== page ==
Our busy month of holidays continues. Sukkot begins Wednesday at sundown, ending with Simchat Torah next Thursday night. Here are some ways to celebrate!

What to do with an etrog after the holiday? Make etrog vodka of course. This is last year's batch, ready to drink this week!
What to do with an etrog after the holiday? Make etrog vodka of course. This is last year’s batch, ready to drink this week!

Dwell in the Sukkah: Building and dwelling in a sukkah is one of the traditional mitzvot (sacred obligations) associated with the holiday; we build a temporary structure to remember both the wanderings in the desert and to connect us closer to nature. It is to be sturdy enough to stand, but not permanent, and the roof is to be made of natural materials and is supposed to let in the elements. “Dwelling” is a relative term: some just eat meals in the sukkah, some sleep out in it. If you don’t have your own sukkah, that’s fine—come on down to the Temple Beth Hatfiloh sukkah with your lunch (or dinner, or breakfast, or snack) and make a picnic. It’s open all holiday!

Wave the Lulav: The other traditional mitzvah associated with Sukkot is the waving of the lulav and etrog, a collection of four different species of plant: willow, myrtle, palm and citron. These four plants are meant to represent all plants found in nature, and when we pick them up we are mindful of our connection to nature and our dependence on it. We ritually wave them in all directions acknowledging that we are surrounded by the divine and the power of nature. The four plants also symbolically represent all of humanity, and so we pray for the unity of all life. There will be a lulav and etrog (and directions as to how to fulfill the act) in the TBH sukkah, so come on down and give it a wave.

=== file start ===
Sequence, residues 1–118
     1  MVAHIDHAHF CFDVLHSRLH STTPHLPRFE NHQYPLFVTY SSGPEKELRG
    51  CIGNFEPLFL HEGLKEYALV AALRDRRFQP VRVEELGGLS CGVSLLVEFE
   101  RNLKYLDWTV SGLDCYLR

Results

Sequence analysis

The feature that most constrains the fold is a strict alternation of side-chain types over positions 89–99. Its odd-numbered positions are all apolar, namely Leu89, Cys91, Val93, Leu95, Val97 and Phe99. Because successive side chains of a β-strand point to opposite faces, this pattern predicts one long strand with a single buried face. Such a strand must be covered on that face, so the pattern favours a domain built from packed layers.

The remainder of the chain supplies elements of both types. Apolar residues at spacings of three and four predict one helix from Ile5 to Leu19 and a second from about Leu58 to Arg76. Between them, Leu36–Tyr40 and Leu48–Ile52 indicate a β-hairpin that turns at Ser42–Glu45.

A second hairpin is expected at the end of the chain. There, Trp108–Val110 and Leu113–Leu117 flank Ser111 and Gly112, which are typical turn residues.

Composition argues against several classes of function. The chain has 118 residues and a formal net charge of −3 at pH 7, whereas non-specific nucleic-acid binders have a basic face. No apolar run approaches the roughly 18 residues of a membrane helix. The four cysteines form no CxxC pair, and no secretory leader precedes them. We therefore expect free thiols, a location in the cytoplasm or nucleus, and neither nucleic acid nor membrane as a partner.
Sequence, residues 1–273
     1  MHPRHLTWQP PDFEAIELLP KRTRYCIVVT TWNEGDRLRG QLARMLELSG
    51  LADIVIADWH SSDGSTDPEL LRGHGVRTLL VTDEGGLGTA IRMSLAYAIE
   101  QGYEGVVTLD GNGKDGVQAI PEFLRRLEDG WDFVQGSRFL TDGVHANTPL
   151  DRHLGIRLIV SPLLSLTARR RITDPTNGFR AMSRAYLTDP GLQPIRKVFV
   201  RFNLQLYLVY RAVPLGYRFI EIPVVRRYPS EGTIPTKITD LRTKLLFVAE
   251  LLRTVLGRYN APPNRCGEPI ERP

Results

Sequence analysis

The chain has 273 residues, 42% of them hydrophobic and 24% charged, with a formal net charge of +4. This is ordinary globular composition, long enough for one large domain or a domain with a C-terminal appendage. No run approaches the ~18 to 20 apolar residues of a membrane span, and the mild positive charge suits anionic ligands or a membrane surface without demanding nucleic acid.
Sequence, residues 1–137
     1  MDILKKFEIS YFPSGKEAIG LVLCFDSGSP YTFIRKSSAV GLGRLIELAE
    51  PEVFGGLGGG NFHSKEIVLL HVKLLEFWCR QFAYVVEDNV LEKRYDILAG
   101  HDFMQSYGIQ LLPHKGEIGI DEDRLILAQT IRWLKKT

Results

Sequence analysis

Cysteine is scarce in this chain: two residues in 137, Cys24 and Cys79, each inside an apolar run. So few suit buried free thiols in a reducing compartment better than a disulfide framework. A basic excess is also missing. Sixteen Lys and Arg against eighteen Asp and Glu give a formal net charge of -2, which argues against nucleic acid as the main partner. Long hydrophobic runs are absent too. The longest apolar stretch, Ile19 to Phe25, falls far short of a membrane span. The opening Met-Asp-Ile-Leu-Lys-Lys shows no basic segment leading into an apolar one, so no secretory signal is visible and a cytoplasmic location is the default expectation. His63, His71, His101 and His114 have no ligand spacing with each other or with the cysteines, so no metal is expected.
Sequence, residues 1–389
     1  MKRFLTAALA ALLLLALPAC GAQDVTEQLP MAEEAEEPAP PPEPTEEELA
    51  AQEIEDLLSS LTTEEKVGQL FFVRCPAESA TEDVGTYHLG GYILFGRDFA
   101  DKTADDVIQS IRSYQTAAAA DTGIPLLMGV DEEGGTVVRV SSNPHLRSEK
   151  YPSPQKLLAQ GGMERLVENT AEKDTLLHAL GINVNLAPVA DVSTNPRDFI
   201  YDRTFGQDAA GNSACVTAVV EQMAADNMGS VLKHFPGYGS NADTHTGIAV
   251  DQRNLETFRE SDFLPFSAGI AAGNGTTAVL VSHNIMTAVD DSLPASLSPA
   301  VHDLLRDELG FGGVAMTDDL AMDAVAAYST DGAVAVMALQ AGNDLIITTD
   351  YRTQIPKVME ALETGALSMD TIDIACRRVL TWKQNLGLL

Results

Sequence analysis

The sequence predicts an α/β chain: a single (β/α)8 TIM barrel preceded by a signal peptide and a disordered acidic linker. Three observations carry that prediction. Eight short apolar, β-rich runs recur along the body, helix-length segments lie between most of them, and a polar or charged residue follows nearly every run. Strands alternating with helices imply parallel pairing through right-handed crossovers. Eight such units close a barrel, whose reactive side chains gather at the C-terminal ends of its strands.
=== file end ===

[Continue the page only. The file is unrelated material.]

Look at the Moon: The Jewish calendar is based on the lunar cycle, and Sukkot (and Passover in the spring) falls on the full moon. The full moon gives the greatest light, and it is fitting for a harvest holiday to maximize the light. If the sky is clear, look at the moon. Taking a moment to look at the full moon is another way to connect with the cycles of time and the seasons. And this year, a lunar eclipse on Sukkot will create a “blood moon.”

Enjoy the Harvest: Sukkot is the fall harvest festival, so during the holiday take a particular interest in the bounty of fall. Whether it comes from your garden, or the farmers market, or somewhere else, enjoy some fall fruits and vegetables. Make some seasonal foods. In my family Sukkot is when we make our annual visit the pumpkin patch to run in the hay maze and pick out our pumpkins for carving and seed roasting.

Be Happy: Sukkot is called zman simchateynu, the time of our celebration. Why this particular designation? Sukkot follows right on the heels of Yom Kippur, just five days later. On Yom Kippur we fast, we look inward, we atone for our sins—it is both physically and spiritually taxing. It would be hard to just re-enter our regular lives. Aside from being a holiday in its own right, Sukkot thus serves a “buffer” between the High Holidays and the rest of the year. And also reminds us that while life can be difficult, we also need to take the time to simply celebrate, rejoice in and be grateful for what we have, and have fun!